- foils will replace majority of lightwind boards
- foils will dominate kite scene with exception of hardcore ramp/wake style and hardcore wave riding
- foils are sharp and aluminum setups are heavy. They're dangerous. Wear protective gear. Do not kick in water under the board. Fall as far as you can from the board - do not attempt to stay on ("saving") the board.
- you'll be surprised with ease and amount of upwind, even while learning and barely riding
- when down from foil - they come downwind fast, no bodydragging really needed. Just wait for it.
- you will likely ditch all the kites larger than 12m unless you're going to race. Lightwind foils can be ridden 1-2 sizes down. Imagine riding 5m kite at 16 knots wind at 200 lbs rider weight. <- That exactly.
- you gotta be good with a kite before starting to learn foiling. You'll need to focus on the board, not paying attention to the kite
Now Few things to consider when learning to foil:
- lessons are good (duh, like for anything else) if you can afford them, they boost progression
- if not getting lessons - learn from videos, observation, friends, from people you trust. You need to learn regardless way you get information
- have an experienced foiler which you trust to setup straps/mast position for himself, then move mast back (or straps forward) by 1"-2" for learning phase
- again - foils are sharp and aluminum setups are heavy. They're dangerous. Wear protective gear. Do not kick in water under the board. Fall as far as you can from the board - do not attempt to stay on ("saving") the board
- I suggest you learn with longer lines - they give you more time at initial dive and more time to focus on the boardstarts
- two masts is a good idea - easier to learn on ~70cm length and keep it for shallows. You'd like a longer mast for waves and deep water once you're good at foiling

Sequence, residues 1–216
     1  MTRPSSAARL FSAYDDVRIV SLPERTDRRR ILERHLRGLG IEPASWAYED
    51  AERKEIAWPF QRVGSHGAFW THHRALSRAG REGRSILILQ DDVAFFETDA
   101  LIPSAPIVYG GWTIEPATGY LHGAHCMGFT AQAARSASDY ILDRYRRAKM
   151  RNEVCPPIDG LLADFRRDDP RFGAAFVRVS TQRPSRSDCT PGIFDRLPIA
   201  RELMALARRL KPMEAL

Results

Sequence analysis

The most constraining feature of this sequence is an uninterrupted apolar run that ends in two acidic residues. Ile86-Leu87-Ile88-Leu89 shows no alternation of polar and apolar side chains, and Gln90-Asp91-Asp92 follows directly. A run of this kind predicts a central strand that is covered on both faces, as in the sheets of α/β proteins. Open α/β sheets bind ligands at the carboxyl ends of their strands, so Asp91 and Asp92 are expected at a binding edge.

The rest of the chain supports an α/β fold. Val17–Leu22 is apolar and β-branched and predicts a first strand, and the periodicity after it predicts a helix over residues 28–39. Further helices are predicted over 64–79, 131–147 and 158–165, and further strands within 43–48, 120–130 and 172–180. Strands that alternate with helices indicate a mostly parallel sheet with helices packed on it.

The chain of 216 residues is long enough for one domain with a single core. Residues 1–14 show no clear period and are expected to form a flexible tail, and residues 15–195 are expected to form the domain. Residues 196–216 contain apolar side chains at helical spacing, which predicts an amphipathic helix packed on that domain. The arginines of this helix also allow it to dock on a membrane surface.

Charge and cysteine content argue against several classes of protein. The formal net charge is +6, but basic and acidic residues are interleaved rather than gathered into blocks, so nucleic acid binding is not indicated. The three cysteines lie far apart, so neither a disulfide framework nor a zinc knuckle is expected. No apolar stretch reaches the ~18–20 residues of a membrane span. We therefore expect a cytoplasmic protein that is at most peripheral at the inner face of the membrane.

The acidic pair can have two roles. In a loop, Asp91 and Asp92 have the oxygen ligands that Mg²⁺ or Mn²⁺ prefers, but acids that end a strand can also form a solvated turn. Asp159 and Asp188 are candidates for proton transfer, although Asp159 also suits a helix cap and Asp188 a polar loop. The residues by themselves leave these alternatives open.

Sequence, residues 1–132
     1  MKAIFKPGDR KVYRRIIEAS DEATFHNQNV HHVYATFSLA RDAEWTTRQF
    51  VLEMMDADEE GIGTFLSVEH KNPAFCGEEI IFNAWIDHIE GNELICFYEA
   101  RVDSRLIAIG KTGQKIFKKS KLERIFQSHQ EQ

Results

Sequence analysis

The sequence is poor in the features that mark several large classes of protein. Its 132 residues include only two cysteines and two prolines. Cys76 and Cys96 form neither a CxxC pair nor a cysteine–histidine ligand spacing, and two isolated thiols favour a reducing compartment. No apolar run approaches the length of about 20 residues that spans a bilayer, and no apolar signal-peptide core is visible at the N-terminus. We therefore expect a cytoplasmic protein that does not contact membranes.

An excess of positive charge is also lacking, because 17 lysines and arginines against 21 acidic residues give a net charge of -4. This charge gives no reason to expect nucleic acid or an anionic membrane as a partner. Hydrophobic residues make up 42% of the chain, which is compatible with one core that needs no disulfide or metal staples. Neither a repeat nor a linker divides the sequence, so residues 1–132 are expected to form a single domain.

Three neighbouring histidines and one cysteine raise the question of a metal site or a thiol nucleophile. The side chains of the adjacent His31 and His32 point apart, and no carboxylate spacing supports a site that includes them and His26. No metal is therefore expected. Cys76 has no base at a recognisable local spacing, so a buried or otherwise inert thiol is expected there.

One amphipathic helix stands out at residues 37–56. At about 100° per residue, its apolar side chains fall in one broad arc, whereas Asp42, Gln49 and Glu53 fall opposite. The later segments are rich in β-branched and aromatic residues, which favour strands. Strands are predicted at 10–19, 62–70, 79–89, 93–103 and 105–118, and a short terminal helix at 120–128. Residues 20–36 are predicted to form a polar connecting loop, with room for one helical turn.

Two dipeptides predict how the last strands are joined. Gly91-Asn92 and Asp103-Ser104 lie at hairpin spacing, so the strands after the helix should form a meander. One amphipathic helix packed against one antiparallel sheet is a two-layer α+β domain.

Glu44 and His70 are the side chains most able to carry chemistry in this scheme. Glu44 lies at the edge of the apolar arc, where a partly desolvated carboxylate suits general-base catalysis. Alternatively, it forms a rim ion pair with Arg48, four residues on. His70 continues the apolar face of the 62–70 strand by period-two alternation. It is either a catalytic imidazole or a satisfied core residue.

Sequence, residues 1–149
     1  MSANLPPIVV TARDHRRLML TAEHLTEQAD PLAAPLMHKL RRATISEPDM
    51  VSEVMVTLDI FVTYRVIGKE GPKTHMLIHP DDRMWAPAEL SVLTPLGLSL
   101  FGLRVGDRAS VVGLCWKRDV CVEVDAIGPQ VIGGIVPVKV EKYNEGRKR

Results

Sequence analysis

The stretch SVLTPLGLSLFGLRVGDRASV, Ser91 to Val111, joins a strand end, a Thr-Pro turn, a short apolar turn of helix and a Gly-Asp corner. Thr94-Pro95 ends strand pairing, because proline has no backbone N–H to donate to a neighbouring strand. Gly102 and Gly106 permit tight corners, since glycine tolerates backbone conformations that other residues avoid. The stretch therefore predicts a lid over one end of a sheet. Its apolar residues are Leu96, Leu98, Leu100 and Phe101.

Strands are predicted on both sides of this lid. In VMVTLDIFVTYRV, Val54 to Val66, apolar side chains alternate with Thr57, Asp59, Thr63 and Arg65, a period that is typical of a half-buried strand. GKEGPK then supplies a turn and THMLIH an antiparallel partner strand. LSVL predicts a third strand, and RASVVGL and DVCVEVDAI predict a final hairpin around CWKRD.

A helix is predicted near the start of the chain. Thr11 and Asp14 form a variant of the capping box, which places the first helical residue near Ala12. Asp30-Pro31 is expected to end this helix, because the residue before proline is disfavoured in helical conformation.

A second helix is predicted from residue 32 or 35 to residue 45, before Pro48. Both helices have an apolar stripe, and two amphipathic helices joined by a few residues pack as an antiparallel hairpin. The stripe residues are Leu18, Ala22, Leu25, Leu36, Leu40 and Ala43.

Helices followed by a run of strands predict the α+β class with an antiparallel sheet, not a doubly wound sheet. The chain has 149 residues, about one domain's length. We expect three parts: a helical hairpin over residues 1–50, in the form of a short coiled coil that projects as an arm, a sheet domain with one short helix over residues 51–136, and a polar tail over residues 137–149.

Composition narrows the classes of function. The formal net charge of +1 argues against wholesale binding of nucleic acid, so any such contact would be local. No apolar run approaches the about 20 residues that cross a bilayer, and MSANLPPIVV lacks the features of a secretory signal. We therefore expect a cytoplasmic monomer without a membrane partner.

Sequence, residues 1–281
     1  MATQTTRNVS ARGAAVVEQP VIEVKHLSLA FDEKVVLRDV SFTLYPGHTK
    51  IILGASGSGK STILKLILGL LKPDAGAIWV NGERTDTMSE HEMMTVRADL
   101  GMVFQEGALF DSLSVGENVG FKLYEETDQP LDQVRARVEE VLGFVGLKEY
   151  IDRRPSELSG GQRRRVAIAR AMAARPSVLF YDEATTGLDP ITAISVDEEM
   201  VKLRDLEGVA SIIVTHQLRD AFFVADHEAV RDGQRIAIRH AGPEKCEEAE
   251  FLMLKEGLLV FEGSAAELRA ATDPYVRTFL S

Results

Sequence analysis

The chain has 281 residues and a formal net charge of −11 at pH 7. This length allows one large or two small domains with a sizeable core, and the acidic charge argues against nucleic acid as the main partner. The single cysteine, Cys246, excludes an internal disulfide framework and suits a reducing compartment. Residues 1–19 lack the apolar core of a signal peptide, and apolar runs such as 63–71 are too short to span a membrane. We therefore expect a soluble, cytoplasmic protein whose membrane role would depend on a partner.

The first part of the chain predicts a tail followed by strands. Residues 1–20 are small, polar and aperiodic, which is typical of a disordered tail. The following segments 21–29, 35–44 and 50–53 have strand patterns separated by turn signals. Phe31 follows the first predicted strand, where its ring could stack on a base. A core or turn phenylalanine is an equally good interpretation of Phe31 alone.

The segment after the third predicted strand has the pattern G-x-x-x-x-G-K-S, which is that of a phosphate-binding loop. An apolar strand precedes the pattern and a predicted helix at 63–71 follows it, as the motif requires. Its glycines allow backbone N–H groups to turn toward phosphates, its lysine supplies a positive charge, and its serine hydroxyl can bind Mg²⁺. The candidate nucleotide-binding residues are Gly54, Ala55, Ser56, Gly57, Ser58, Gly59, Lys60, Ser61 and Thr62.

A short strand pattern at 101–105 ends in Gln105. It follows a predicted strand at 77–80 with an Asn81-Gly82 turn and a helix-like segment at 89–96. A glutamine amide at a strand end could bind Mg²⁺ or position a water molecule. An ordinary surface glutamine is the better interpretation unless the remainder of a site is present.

- try to keep your body in same plane as the mast (perpendicular to the board) - no tilting the board as TT/directional. Stay aligned with the mast.
- lots of front foot pressure when boardstarting. Imagine balance board with feet equally off the center balance (compared to TT where back foot is closer to the center and has more pressure)
- learn to ride board flat. You'll edge later when you're progressing
- if you're porposing a lot you might be going too slow or your back foot might be too much back
- when moving feet/mast do it by 10-20mm steps. The balance is really fine, large shifts will become nasty surprises
- learn with two straps (or two hooks). Hooks will save your ankles and bones from twisting/breaking just as having two straps. One strap looks cool but can cause locked foot upon fall and broken ankle. When ready for one strap - use one hook only
- when single front hook breaks - take it as a sign and learn strapless. Few sessions and you'll be all comfortable again
- set straps really loose so you can eject from board easily
- harness with a sliding spreader bar is really awesome when you're ready to ride toeside. Consider getting one
- invest into foil covers - to protect everything around foil and foil itself
- a nice learning board will have extra volume and good nose rocker. Later you might want to go smaller unless you race
- learn to loop/downloop the kite if you don't do it yet. It'll help you to foil with yet smaller kite
- expect to learn on regular size, then getting excited and riding small, then going bigger again once you can harness the power wile on the foil.
As for lessons...I was taught to ride a bike for free. I learnt swimming for free. Learnt driving for free. Didn't need to pay for my degree. Never had to hire/pay anyone for sex lessons either. On the other hand if every day of riding trip costs you $700 it makes great sense to pay $150/hour to save money overall and get riding faster.